Fellow lazy friends, rejoice: It turns out, making your bed may be doing more harm than good.

A recent study has proven that, at any given time, there are an average of 1.5 million microscopic insects called dust mites living between your sheets. These tiny, beetle-like creatures feed off human skin cells and require a warm, damp atmosphere to survive and thrive.

When we sleep, we sweat. A lot. Rumour has it, the average person may sweat up to a litre of fluid per night. This creates an ideal breeding ground for the mites, who will begin to hump like crazy and deliver their creepy, eight-legged offspring.

That is, unless you leave your bed unmade. Problem solved.

One researcher, Dr. Stephen Pretlove from Kingston University School of Architecture, offers a simple explanation. When you make your bed, especially immediately after waking, you’re trapping your body heat, your skin cells, and most importantly, your sweat, all over the bed. But leaving the bed unmade exposes the sheets to air and light, drying them out and depleting the mites’ lifelines.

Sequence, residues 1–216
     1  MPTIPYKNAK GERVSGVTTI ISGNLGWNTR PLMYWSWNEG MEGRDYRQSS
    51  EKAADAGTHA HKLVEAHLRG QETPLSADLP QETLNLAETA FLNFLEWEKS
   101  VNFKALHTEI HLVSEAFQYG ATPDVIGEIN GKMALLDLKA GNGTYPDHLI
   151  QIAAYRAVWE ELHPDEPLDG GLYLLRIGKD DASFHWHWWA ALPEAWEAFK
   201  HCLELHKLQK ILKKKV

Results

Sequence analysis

Dr. Pretlove explains:

“We know that mites can only survive by taking in water from the atmosphere ing small glands on the outside of their body…Something as simple as leaving a bed unmade during the day can remove moisture from the sheets and mattress so the mites will dehydrate and eventually die.”

So there it is, rejoice; you don’t have to defend your laziness anymore!